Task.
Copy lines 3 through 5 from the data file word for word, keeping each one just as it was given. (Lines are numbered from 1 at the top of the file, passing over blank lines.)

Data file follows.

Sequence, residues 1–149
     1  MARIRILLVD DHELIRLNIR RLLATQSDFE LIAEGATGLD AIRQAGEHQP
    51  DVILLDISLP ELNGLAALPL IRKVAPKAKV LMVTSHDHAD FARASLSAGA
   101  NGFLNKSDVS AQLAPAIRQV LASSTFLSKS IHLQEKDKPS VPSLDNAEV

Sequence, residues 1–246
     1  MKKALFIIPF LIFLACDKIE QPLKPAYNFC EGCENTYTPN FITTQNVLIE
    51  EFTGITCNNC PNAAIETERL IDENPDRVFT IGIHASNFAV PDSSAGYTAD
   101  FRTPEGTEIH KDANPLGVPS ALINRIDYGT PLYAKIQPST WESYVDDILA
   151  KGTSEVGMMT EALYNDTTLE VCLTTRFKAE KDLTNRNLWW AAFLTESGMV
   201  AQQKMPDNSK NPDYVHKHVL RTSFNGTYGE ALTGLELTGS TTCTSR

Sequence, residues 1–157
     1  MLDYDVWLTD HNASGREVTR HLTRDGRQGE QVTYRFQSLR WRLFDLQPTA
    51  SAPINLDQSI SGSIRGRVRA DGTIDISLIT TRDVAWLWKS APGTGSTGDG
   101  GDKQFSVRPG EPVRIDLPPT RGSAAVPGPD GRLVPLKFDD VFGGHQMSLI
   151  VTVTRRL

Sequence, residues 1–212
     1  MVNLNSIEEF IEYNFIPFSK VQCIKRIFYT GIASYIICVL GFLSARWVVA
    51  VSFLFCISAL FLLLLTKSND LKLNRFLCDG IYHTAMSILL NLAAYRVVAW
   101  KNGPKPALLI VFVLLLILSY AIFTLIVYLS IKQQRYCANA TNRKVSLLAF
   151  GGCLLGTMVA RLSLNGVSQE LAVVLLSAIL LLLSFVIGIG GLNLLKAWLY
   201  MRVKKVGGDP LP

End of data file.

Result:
    51  DVILLDISLP ELNGLAALPL IRKVAPKAKV LMVTSHDHAD FARASLSAGA
   101  NGFLNKSDVS AQLAPAIRQV LASSTFLSKS IHLQEKDKPS VPSLDNAEV

Sequence, residues 1–246